Photographing cosplayers at Comic Con and other conventions leans two different ways: capturing people on the floor and then trying to create images that stand out from all the rest. Most photographers that take pride in their portraits often try to do something that looks good off the main floor where everyone else is. The great thing about comic con is that pretty much everyone is alright with you taking their picture. It’s even better when you ask someone–let alone less creepy!
With NYCC going on at the time of publishing this piece, here are some tips.
Essential Gear: Off-Camera Flash and a Light Modifier
One of the things that I tell every photographer is that pretty much every camera and lens these days takes great photos. What really matters instead is your lighting. I strongly recommend off-camera flashes and either an umbrella or a softbox. Some of my favorites over the years:
- Phottix Mitros +: A radio flash that is very awesome and reliable.
- Einstein E640: Lots of power for cheap!
- Flashpoint Zoom Li-On: Lots of power, reliability, and they’re cheap! To this day, still one of my most used flashes.
Scout Around and Set Up a Spot Around the Floor
Most convention goers will walk around the floor and take pictures as they go. I strongly recommend finding an area with a neutral background that is still trafficked. Maybe around the lunch area will work well. The neutral background will give off the effect of a studio setup and work well to put more emphasis on the costume.
As People Come By, Ask for a Photo
As people are coming by, simply ask them for their photo. Lots of people (women in particular) feel creeped out when there is no interaction of any sort between a photographer and a person. So instead, ask the person. It’s really easy.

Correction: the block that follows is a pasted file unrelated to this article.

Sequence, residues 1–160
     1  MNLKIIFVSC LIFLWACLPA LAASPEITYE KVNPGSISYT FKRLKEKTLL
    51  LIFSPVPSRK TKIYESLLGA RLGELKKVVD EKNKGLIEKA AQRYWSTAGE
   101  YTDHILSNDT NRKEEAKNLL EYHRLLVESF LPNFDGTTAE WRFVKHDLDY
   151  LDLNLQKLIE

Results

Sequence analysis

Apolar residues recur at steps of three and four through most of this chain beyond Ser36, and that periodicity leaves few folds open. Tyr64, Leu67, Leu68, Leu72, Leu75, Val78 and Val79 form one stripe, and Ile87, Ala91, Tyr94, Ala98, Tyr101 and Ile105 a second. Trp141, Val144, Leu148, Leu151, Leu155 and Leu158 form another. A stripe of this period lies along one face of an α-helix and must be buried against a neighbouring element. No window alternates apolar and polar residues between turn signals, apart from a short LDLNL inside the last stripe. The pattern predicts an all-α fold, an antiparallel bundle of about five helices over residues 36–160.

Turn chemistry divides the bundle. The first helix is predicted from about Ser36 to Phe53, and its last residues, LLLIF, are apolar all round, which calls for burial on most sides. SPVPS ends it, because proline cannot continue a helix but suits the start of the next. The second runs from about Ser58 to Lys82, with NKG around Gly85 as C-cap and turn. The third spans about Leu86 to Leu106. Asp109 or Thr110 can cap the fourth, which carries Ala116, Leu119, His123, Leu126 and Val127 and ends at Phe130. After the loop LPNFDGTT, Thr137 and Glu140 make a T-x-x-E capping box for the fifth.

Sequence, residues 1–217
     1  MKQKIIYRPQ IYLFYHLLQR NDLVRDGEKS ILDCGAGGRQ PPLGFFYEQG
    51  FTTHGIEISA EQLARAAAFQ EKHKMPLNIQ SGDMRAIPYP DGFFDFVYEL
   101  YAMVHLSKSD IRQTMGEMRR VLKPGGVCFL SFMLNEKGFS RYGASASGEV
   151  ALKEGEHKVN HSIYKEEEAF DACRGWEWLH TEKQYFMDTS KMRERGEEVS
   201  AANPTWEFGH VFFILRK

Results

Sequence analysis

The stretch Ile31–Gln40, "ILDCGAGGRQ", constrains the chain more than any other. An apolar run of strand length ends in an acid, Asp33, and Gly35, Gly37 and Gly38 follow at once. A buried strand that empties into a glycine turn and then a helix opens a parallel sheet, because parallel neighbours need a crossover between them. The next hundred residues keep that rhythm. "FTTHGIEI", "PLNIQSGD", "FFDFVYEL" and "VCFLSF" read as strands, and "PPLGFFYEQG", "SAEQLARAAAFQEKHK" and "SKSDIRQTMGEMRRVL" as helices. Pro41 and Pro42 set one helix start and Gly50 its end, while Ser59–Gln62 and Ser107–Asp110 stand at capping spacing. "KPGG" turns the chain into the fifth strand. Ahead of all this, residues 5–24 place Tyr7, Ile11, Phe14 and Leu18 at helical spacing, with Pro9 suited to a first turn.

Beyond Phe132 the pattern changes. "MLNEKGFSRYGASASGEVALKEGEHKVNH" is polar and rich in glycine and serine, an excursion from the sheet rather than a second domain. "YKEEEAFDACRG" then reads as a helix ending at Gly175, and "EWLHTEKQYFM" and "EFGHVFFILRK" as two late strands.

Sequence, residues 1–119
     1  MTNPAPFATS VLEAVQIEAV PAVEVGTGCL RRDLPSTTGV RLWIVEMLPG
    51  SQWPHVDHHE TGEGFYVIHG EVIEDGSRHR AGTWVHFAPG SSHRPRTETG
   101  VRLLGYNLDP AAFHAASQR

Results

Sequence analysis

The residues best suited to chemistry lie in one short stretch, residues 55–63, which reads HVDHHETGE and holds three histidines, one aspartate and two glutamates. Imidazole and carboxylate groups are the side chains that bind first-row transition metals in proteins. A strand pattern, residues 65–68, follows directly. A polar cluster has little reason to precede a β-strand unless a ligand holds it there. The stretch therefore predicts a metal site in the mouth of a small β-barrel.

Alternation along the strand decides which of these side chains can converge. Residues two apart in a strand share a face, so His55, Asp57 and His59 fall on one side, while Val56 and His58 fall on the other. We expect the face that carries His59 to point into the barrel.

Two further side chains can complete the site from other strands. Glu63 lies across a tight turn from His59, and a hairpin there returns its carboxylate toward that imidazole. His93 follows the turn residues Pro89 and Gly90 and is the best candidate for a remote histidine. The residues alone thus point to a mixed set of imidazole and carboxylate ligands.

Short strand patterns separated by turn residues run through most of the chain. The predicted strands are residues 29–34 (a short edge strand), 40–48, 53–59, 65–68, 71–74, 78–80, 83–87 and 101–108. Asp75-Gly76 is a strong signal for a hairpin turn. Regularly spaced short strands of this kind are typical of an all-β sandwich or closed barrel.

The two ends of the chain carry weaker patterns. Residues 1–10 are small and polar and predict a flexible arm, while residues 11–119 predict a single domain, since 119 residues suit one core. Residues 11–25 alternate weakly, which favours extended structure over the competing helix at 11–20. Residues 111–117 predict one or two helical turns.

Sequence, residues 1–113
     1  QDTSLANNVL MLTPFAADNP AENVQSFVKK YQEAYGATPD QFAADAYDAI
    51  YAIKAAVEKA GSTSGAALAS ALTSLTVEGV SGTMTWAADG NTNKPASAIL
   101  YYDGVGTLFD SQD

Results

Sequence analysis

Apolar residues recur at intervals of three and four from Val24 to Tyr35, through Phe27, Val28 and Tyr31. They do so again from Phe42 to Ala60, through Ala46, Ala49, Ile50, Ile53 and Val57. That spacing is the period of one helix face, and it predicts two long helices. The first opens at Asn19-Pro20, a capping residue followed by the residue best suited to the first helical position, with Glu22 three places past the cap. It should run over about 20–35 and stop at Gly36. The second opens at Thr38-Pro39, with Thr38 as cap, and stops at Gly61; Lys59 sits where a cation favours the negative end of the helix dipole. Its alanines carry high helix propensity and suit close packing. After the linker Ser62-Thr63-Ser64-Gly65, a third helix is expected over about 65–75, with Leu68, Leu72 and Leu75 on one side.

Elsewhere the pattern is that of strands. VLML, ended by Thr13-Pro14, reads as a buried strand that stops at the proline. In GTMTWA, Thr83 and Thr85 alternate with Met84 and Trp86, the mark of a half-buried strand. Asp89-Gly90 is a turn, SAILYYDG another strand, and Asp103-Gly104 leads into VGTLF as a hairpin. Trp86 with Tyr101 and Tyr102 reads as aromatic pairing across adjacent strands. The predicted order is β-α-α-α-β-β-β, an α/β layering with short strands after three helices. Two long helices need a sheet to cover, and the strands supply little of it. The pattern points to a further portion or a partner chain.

Here’s how my conversations have gone:
- Excuse, hi! Do you mind if we step off really quickly to take a photo?
- So my name is Chris, what’s yours?
- They say their name,
- Nice meeting you! *handshake*
- So can I get you right over here please (motions where)
- Tell me about your character
- Here they tell me about them if I don’t know about them already. And we discuss ideas while I listen to them.
Typically, posing is pretty simple. All famous comic characters have very token and signature poses–just do those!
After the shoot, give them a card, thank them, and maybe have a short chat with them. But be friendly.
Shoot off Site
Though I really, really don’t go to Comic Con anymore due to a busy schedule, I’ve developed professional and friendly relationships with people that I’ve shot before. Some will ask me to come by just to shoot them. Typically what I do these days is go off-site somewhere else and shoot.
The same methods and ideas apply, but we just shoot in a different way and have more creative freedom with the area.